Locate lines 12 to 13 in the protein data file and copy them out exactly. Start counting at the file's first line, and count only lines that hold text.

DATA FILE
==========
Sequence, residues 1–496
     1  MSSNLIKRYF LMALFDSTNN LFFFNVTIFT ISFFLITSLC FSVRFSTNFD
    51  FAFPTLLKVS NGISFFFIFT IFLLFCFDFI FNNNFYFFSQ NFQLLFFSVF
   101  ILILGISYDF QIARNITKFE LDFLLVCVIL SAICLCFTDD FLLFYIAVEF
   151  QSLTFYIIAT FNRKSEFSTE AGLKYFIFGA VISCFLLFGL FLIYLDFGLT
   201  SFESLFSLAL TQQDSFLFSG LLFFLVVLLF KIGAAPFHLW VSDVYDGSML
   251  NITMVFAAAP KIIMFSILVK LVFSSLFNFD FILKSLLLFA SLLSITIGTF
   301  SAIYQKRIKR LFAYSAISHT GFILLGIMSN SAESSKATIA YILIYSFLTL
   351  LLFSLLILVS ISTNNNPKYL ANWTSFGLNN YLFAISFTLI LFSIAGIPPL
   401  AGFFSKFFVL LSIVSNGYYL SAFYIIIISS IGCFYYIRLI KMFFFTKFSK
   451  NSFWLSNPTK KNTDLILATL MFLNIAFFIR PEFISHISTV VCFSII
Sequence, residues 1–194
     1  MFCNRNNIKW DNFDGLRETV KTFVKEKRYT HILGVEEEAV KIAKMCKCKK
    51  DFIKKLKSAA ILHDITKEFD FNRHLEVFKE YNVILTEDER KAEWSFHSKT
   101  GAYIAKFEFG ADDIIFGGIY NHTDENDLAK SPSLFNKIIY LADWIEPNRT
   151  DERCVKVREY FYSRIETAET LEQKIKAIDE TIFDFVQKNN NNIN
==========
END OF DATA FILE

Sequence, residues 1–194
     1  MFCNRNNIKW DNFDGLRETV KTFVKEKRYT HILGVEEEAV KIAKMCKCKK